Defendants note that Schones was superceded by statute. The fact that Schones was superceded by statute does not mean that its rationale was incorrect. Both nullum tempus and qui tam serve the same general policy, which is to protect the public when public officials fail to pursue claims for the public benefit.
Defendants note that qui tam relators, unlike public officials, may be motivated by monetary gain. Qui tam is an abbreviation of qui tam pro domino rege Guam pro se ipso in hac parte sequitur, which translates as "who as well for the king as for himself sues in this matter." E.g., Black's Law Dictionary (7th ed. 1999) at 1262. Qui tam plaintiffs are generally likened to private attorneys general. See Lyons v. Ryan, 324 Ill. App. 3d 1094, 1107-08, 756 N.E.2d 396, 406 (2001) (discussing relators under the federal False Claims Act). Defendants' argument is not an attack on the ability of qui tam relators to invoke nullum tempus as much as it is an attack on the qui tam concept itself. This court cannot ignore Article XX of the Code, which permits certain qui tam suits. Defendants have not shown that plaintiffs entitled to assert a government's claims are not entitled to assert its defenses or its responses to an opponent's defenses.
Defendants argue that even if the plaintiffs may invoke the nullum tempus doctrine against statutes of limitations, they cannot invoke it against statutes of repose. Defendants argue that a statute of limitations is merely procedural, giving a time limit for bringing a cause of action beginning when the action has accrued, whereas a repose statute is substantive, extinguishing any right of bringing the cause of action, regardless of whether it has accrued. See Highland v. Bracken, 202 Ill. App. 3d 625, 632, 560 N.E.2d 406, 411 (1990). The Fourth District of this court rejected this same argument against nullum tempus in People v. Asbestospray Corp., 247 Ill. App. 3d 258, 261-63, 616 N.E.2d 652, 654-55 (1993).
Defendants rely on In re Estate of Bird, 410 Ill. 390, 397, 102 N.E.2d 329, 333 (1951), in which the supreme court held that the time limitations in a non-claim probate statute ran against the government. The Asbestospray court distinguished Bird, by stating that "[a] general statute of repose cannot be equated with the non-claim probate statute enacted as part of a comprehensive probate code creating and circumscribing rights to claim against a decedent's estate and facilitating the expeditious administration of estates." Asbestospray, 247 Ill. App. 3d at 261, 616 N.E.2d at 654. The Underwriter defendants argue that section 13(D) of the Illinois Securities Act is part of a comprehensive scheme, making these cases more like Bird than Asbestospray.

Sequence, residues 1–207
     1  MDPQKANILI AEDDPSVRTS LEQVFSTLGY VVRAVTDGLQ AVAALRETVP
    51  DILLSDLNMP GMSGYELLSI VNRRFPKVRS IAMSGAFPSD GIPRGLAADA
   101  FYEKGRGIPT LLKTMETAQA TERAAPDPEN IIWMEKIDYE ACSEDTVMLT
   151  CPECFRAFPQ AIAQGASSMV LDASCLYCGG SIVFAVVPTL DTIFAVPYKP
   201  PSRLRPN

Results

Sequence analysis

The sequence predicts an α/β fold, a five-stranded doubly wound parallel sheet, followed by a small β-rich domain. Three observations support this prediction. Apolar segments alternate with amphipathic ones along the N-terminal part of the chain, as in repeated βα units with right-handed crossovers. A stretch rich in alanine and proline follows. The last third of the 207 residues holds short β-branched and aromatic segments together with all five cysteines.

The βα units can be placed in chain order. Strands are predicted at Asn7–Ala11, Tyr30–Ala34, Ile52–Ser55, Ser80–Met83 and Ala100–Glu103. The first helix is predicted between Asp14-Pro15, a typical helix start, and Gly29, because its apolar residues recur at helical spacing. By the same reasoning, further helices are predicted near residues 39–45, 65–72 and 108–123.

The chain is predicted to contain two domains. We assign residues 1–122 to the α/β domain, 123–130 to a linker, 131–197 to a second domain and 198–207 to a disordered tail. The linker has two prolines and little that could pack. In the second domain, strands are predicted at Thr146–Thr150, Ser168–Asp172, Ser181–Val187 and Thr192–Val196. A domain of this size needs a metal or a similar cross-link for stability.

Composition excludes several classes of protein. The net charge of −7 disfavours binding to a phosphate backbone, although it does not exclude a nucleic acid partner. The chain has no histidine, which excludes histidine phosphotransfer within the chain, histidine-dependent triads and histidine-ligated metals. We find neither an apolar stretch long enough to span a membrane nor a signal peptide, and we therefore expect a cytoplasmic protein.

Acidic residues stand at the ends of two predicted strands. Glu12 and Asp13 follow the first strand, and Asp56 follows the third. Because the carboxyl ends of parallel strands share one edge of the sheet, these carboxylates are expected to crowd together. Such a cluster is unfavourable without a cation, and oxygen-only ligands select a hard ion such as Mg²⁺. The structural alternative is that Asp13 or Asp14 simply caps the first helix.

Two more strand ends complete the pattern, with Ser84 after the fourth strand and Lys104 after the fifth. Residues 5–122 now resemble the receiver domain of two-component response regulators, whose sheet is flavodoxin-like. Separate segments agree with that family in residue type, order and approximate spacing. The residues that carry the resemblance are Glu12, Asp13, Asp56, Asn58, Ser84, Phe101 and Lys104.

The flaw in this argument is that Bird held that the non-claim provision was not a statute that totally barred untimely claims. Bird, 410 Ill. at 394-97, 102 N.E.2d at 332-33. The Bird court noted that even if a claim was filed after the statutory period, it could be asserted against after-discovered assets, or heirs and distributees of the estate, or other security. Bird, 410 Ill. at 396-97, 102 N.E.2d at 333. In this case, the Underwriter defendants are attempting to assert the five-year statute of repose found in section 13(D) of the Illinois Securities Act (815 ILCS 5/13(D) (West 1992)), which may totally bar a variety of causes of action, even in cases where the plaintiff has not pleaded them as arising under the Illinois Securities Act. See, e.g., Tregenza v. Lehman Bros., 287 Ill. App. 3d 108, 678 N.E.2d 14 (1997). The five-year statute of repose for actions brought against public accountants (735 ILCS 5/13-214.2(b) (West 1992)) asserted by the Accountant defendants similarly acts as a total bar to suit. *fn4 The nature of these statutes distinguish this case from Bird.